An essay by guest Gero-Punk
I’m riding my (turquoise) Vespa through pastured valleys, over lonesome bridges – the ones paradoxically understood and unknown. On a single lane highway, mythical wind on my face, I Iean into tidy curves and clumsily just barely dodge peril along the wayside. Whoa! Straighten for uphill ascent at full tilt exhilaration! I reach the paved summit and proceed to careen into a free-wheeling downhill glide. I slow with my feet on the dusty gravel. There’s my friend. She’s waiting at the junction.
Roads draw us in and stretch out into mostly peculiar horizons. They are draped in spectacular blossoms of light. They are a challenge; a thrill. Other roads uproot us from our insular selves, plunging our minds into other passages. It is nothing short of miraculous that we allow our so-called ordinary lives to melt into other’s journeys. Together we bask in the strange warmth of unrelenting, godforsaken time.
I love travels with Melinda. She gently places her stories in precious vessels and generously frees them like sacred feathers – all visceral and lush. And bright. I curiously accelerate through murky thresholds and the Vespa cruises into new terrain. Squinting, I begin to imagine those outlines and figures in the distance. They become vivid roadside murals passing before my eyes. I remain still as time closes. I am pulled ahead without moving.
I conjure her words into my own colors and patterns. She leads me into her stories, and so I dream. Melinda is ten years old and near the National Mall where Dr. King spoke. It is 1963, three years before I was even here. She is with a friend and that friend’s mother in the outer reaches of Washington D.C. Her eyes witness kids her own age living in cardboard shacks. They have no shoes. Melinda’s heart sinks. She is changed and is perhaps no longer a child. I stand there, blinking, breathing with the scene. I see the children and her emotions rush with mine. Heart beating. The passage of time and history allows me to understand the simple irony of a civil rights leader talking about inequality, while just a few blocks away there live the most unequal. I lean into the turn.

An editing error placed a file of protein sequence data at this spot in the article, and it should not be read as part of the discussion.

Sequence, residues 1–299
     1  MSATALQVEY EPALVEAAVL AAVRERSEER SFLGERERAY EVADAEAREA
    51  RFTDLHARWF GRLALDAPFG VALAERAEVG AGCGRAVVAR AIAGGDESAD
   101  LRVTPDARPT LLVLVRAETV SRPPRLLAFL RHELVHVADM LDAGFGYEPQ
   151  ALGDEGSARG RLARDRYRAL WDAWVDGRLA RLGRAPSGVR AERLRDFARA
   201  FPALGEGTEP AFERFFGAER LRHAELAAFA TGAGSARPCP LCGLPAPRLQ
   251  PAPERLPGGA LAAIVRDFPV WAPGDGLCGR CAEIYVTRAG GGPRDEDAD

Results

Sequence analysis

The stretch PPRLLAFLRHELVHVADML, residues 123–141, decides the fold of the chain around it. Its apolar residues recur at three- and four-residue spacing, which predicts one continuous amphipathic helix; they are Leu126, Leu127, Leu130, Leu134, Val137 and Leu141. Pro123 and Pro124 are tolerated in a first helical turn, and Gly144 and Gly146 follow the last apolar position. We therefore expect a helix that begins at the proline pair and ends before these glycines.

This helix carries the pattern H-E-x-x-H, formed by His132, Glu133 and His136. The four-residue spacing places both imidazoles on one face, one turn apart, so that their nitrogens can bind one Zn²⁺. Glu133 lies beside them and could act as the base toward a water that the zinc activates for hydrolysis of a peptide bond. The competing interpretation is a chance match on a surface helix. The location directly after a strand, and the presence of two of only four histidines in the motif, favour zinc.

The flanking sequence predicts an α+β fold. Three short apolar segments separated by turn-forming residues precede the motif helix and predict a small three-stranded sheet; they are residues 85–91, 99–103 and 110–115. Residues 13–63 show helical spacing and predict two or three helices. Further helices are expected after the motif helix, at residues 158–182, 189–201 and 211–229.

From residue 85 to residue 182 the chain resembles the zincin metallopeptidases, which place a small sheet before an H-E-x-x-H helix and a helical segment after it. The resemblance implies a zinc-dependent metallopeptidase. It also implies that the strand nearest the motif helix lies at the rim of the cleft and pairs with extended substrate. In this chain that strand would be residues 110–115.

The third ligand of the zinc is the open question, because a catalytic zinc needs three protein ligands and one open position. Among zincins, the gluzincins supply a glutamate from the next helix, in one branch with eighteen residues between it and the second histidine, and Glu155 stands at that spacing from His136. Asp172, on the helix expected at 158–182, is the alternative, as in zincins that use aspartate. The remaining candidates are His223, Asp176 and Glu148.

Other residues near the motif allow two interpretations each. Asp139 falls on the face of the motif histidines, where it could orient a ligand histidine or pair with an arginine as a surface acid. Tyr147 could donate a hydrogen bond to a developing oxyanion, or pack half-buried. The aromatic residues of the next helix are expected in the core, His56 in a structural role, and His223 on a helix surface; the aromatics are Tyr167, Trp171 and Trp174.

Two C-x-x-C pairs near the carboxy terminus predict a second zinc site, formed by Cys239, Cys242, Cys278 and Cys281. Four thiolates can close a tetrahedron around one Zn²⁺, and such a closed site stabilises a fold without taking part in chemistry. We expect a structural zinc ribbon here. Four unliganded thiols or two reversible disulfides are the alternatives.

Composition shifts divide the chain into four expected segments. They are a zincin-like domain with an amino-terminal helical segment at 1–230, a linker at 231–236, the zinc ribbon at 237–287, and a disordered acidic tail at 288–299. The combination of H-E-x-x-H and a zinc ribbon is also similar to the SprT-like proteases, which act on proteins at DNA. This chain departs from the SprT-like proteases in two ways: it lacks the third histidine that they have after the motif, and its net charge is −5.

We are in Seneca Falls, New York, where the first women’s rights convention was held in 1848. Melinda is on a solo journey as she seeks to learn about the women who did more than take a stand back then. She is preparing to write a play about nameless women who changed the world. The docents show her the grounds and narrate the events of that famous and infamous gathering. Melinda tells them more than they already know, about other women who were there. She teaches them about the ones imprisoned and tortured seventy years later for the same cause. Lucy Burns. Alice Paul. I know they are in awe of their keen visitor that day. She beams her story. I listen to loving silences as they fall between words. Faded history lessons and old photographs become real to me. I touch their faces.
Kickstand up, I turn into a curve and head back up to my road. The sun sets again.
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Jennifer M. Ortiz is a social observer and Progressive Era historian. She holds a Master of Arts in Interdisciplinary Studies from Marylhurst University, and has worked as a writer for the past several years in the non-profit sector. Jennifer and her husband live in Portland, Oregon, with their three sons.